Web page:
A new study into gay men's sexual habits has revealed that one in three admit they didn't use a condom the last time they had sex.
The Gay Men's Health Charity (GMFA) has published the findings of biggest ever survey into gay men’s sex lives, with over 3000 respondents answering questions on everything from their to use of hook-up apps, condoms, partner numbers and feelings about PrEP.
Just 66% of respondents who identified as HIV-negative said they used a condom with their last casual partner. The results
come just months after new figures were published
showing number of sexually transmitted infections (STIs) being spread among men who have sex with men (MSMs) is soaring, despite declining across England as a whole.
According to the GMFA's
'Big Gay Sex Survey':
- Less than 50% had had more than five sexual partners in the last year
- 55% described themselves as 'versatile'
- 58% had had sex in the last week
- 37% said met their most recent sexual partner via an app
- 14% said they did not remember the name of the last person they had sex with
- 51% of gay men who have not been diagnosed with HIV admitted that they were worried about becoming HIV-positive
- 44% of gay men who have not been diagnosed with HIV said that they would not have sex with someone if they were HIV-positive
- 23% of gay men who have not been diagnosed with HIV did not know what undetectable viral load is.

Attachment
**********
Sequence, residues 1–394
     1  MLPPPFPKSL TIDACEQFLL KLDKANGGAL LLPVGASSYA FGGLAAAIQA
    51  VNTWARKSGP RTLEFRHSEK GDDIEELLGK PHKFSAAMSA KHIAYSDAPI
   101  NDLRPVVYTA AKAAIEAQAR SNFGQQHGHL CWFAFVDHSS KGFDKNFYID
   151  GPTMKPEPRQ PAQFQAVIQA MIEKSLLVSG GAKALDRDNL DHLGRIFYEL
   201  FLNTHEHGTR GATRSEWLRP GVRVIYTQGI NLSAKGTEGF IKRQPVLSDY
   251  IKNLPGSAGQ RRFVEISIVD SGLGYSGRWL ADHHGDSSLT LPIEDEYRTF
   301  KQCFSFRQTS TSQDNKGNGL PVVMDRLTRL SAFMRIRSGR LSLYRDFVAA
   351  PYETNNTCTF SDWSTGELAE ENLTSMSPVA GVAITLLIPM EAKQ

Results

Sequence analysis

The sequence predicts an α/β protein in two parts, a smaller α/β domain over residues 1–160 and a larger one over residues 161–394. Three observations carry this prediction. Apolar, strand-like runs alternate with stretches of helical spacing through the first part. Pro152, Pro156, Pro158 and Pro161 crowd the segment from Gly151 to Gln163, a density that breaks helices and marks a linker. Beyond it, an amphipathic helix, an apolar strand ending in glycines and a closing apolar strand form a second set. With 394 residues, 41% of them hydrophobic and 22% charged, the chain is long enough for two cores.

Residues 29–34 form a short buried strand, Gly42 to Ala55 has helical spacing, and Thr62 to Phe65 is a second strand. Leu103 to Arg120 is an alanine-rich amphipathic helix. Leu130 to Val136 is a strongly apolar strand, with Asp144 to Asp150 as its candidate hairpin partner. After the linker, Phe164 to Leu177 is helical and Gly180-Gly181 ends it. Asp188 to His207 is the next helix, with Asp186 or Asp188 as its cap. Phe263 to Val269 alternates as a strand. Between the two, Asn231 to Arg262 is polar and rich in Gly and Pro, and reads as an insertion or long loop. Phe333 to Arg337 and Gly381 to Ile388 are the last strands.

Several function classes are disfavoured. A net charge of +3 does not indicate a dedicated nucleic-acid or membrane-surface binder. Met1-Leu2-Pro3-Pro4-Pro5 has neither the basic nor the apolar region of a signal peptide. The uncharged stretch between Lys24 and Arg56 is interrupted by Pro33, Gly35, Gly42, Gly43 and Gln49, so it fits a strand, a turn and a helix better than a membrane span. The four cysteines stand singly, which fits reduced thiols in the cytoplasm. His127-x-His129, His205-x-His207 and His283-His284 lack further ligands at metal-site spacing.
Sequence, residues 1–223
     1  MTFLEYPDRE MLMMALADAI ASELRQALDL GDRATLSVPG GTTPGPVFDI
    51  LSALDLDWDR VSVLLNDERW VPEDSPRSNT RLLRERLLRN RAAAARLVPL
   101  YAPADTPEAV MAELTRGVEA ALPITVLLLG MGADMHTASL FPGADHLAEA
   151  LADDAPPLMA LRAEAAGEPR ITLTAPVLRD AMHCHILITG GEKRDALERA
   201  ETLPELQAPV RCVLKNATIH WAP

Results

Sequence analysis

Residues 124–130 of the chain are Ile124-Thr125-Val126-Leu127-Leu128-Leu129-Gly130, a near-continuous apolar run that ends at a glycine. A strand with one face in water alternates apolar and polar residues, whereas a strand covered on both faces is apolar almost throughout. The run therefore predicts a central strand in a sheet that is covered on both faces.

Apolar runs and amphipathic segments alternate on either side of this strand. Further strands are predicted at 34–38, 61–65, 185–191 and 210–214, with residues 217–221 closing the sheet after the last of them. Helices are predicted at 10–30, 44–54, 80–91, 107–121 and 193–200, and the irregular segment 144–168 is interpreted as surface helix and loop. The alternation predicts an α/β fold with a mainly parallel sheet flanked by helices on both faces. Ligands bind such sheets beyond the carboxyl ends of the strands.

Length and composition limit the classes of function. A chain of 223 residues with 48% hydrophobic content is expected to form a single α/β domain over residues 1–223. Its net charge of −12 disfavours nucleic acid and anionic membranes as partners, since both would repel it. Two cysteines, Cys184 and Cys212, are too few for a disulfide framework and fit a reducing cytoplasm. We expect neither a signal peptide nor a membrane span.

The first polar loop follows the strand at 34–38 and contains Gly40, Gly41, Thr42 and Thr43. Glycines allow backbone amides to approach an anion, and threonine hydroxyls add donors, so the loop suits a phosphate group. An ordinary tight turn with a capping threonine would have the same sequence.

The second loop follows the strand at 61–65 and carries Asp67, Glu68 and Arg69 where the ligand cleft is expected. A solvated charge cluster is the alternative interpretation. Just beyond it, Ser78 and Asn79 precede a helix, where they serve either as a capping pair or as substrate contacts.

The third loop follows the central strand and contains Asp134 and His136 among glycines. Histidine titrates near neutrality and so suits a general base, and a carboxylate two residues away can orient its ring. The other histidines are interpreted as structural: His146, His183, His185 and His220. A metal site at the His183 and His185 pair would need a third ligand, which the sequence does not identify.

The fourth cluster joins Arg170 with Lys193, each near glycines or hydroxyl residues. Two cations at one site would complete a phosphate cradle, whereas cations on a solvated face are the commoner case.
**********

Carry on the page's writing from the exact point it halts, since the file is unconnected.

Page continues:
- 71% of gay men said they would use PrEP right now if it were available on the NHS.
- 90% of HIV-positive men used a condom with a casual partner compared to 66% of HIV-negative men who said they didn’t use a condom.
- Less than a third of HIV negative respondents say they would have with someone with HIV
- 90% of gay men with HIV said that they used condoms the last time they had anal sex with a casual partner, compared to just 34% of the men who believed themselves to be HIV-negative.
GMFA’s Chief Executive said Matthew Hodson said of the findings: "This illustrates that there is still a need for more information about HIV in the treatment era and that given the right information we can change not only attitudes but also behavior."
He added: "Our community remains plagued by low self-esteem, leaving many vulnerable to harmful drug taking and alcohol use. For many gay men expressing intimacy is a major challenge and all of these factors play a role in the poor sexual health that still besets our community.
"We’ve come a long way but so long as these health inequalities persist, we are not equal."
Meanwhile, sexual health experts have put the UK on a ‘national alert’ after confirming that an outbreak of highly drug-resistant 'super-gonorrhoea' has hit the north of England - find out more here
The full results of the GMFA's 'Big Gay Sex Survey' are published in new issue of FS Magazine, available to download now
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